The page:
November 2006

UTF-8, a Unicode encoding, is probably already the most used character encoding for new web applications, except maybe for Asia. The most popular open source database is MySQL. (But don’t miss the most advanced open source database, which I prefer.)

What do you need to do to have your database and web application be all UTF-8? MySQL offers a lot of places to configure character set (character encoding) and character collation (used for sorting and comparing text).

The most important rule is: Don’t rely on server configuration – you may not control it on the server you application will be running. When you write a web application that needs to run on a variety of operating systems and Linux distributions, all with their own default database configuration, you must make as little assumptions as possible about the system it will run on and its configuration. You may have configured your MySQL server to run your application correctly, but you may not have permission or the opportunity to reconfigure the MySQL server your application will run on. Fortunately you can specify all character set configuration in MySQL in places that you control: in the SQL scripts and the source code of your web application.

Stored data

One side of the problem is the data in the tables. If you control the CREATE DATABASE statement, you should specify the character set there:


On some web hosts, web applications have to use the one database that came with the hosting. The database has already been created for you. In that case you have to specify the character set in the individual CREATE TABLE statements:

CREATE TABLE gadgets (
    name VARCHAR(255) PRIMARY KEY,
    rating INT

It doesn’t hurt to specify the character set in both locations. (Except you’re violating the DRY Principle.) Now MySQL knows that the data in your tables is in UTF-8.

Communication with the database

The other side of the problem is the data that comes from and gets sent to the client. MySQL offers a lot of features here; you can have different character sets at almost every stage of data processing. To be all UTF-8, issue the following statement just after you’ve made the connection to the database server:


This sets the character_set_client, character_set_connection and character_set_results variables to utf8. See below for the meaning of each of these variables.

Communication with the database also concerns SQL files you read with the MySQL command line client, or upload with phpMyAdmin. Put the statement at the top of every SQL file, like this:

INSERT INTO TABLE gadgets (name, rating) VALUES ('iPod', 45);

If you’re talking to mysql from a command line that doesn’t understand UTF-8 (likely in Windows and older Linuxes), use the following statement to tell MySQL which character set you’re using on the client side:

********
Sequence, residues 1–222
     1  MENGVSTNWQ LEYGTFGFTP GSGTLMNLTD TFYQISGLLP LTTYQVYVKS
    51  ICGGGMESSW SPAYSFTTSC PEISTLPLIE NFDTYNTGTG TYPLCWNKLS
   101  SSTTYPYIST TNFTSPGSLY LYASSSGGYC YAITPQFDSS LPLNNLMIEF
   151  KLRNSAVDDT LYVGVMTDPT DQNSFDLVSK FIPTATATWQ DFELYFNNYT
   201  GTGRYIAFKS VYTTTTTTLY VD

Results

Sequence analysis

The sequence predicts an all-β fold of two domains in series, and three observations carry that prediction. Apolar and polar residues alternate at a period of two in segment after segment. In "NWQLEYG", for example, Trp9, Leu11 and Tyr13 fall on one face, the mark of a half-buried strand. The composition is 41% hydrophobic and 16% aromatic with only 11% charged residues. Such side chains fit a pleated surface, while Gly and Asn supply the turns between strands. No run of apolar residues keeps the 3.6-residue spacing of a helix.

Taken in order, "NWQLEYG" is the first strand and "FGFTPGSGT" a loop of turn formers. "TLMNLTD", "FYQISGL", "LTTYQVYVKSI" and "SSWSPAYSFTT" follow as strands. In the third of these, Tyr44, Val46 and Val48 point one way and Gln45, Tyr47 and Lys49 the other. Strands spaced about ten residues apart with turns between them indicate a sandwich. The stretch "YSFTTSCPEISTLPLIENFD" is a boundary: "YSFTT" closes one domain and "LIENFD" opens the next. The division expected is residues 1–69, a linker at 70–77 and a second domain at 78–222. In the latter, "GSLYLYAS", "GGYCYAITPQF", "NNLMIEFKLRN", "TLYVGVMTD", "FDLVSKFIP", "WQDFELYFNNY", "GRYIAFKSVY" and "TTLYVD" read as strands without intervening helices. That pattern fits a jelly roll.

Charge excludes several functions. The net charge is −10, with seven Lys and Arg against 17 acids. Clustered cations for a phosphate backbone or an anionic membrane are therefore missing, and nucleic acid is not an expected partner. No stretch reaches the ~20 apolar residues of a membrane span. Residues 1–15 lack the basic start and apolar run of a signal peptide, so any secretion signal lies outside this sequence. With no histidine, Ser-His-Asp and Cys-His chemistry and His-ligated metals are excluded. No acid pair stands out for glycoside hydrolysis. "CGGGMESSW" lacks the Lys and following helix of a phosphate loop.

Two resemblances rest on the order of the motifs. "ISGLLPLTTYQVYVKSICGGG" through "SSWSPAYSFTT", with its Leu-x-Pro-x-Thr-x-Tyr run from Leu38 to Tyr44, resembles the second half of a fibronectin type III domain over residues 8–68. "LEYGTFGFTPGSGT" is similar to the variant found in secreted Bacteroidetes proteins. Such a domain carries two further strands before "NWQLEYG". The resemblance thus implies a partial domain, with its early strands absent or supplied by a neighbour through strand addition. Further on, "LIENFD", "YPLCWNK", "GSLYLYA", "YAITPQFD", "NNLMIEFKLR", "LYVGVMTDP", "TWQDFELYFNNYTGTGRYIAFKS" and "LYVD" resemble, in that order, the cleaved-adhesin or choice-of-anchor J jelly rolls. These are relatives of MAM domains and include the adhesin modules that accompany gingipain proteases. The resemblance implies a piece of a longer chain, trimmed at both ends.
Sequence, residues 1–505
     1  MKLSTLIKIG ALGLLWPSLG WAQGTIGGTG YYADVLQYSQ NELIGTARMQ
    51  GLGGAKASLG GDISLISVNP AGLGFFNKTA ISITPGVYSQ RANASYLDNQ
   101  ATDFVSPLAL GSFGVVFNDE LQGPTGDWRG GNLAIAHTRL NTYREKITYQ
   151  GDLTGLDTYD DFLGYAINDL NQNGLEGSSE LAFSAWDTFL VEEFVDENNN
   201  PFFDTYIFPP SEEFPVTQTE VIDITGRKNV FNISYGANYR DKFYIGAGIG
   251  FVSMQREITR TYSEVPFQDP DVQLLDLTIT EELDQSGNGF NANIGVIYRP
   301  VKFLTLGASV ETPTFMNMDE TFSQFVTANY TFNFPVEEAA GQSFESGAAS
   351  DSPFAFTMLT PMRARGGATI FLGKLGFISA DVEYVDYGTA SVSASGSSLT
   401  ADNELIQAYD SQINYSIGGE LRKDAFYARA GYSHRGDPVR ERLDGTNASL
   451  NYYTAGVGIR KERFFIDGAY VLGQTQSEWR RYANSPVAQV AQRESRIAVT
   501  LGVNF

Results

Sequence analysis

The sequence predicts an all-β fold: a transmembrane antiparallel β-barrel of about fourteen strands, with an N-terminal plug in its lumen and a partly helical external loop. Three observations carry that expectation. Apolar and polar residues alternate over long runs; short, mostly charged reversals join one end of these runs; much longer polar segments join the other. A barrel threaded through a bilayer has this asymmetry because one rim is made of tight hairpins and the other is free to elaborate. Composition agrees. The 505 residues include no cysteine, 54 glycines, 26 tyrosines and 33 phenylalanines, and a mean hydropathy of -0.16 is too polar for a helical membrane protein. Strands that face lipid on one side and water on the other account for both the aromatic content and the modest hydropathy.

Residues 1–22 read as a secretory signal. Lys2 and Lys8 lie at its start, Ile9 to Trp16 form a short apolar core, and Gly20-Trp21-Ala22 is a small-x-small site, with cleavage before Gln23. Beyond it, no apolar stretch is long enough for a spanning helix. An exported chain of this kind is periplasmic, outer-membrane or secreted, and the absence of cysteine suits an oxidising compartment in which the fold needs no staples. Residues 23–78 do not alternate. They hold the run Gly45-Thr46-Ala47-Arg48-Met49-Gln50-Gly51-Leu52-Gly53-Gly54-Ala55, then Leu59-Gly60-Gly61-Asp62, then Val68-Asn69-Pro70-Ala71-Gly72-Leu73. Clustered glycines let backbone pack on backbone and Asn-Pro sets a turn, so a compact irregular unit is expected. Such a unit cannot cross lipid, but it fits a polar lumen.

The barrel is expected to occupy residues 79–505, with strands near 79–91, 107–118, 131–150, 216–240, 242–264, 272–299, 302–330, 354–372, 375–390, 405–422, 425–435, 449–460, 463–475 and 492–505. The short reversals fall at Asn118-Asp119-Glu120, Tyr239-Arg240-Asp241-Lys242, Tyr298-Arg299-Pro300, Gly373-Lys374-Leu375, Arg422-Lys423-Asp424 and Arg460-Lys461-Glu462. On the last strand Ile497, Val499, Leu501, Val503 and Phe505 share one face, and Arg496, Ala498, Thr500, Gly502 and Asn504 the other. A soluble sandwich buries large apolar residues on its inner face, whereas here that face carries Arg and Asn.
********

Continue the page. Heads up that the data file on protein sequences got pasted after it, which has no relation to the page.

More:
This sets the character_set_client and character_set_results variables to cp1250. Upon arriving on the server, your data will be converted from CP1250 to UTF-8. Results returned to you will be converted from UTF-8 to CP1250.

Which character set do you need for the command line?

Modern Linux (Fedora, Ubuntu since 5.04, recent SuSE, recent Mandriva) for all languages. No need to issue a SET CHARACTER SET command here.
Western European Windows and Linux. English, Spanish, German, French, …
Central European Windows. Polish, Czech, Slovak, Hungarian, Slovene, Croatian, Romanian, Albanian.
Central European Linux. Polish, Czech, Slovak, Hungarian, Slovene, Croatian, Romanian, Albanian.
Cyrillic Windows. Russian, Ukrainian, Bulgarian, Belorussian, …
Russian Linux.
Ukrainian Linux.
Arabic Windows.
Baltic Windows. Estonian, Latvian, Lithuanian.
Baltic Linux. Estonian, Latvian, Lithuanian.
Turkish Linux.

Character set and collation variables

What do these character_set_* variables mean?

Variables concerning communication

This informs MySQL about the character set data from the client is encoded in.
This is the character set MySQL converts incoming data to. It converts from character_set_client.
This is the character set MySQL converts outgoing data to. It converts from the character set specified for the data in the database / tables / columns.

Variables concerning data storage

The character set used for new databases if none is specified in the CREATE DATABASE statement. It can be set from the server configuration file, on the command line for mysqld and interactively in a database session.
The character set used for new tables if none is specified in the CREATE TABLE statement. It is set to character_set_server by default.
The character set for meta-data: database, table and column names. Its value is always utf8.


Please leave a comment if this information was helpful to you. Also don’t hesitate to ask questions concerning the above. I’m not the best writer and some things are probably phrased incomprehensibly.

Last but not least I’m always interested in other topics concerning web programming that I could write about. What are you most interested in? What information do you need most?


Since a few days I’ve been using vim in full screen mode, that is, the only thing on my screen is my editor. No panel, no task bar, no systray. It may be subjective, but I have the impression that without all the distractions, bells and whistles on my desktop, it is easier for me to concentrate on the task at hand. Compare


With metacity and GNOME, you can set for example Shift-Alt-Enter to toggle full screen mode. This is similar to Alt-Enter for toggling maximized mode, so it’s easy to remember: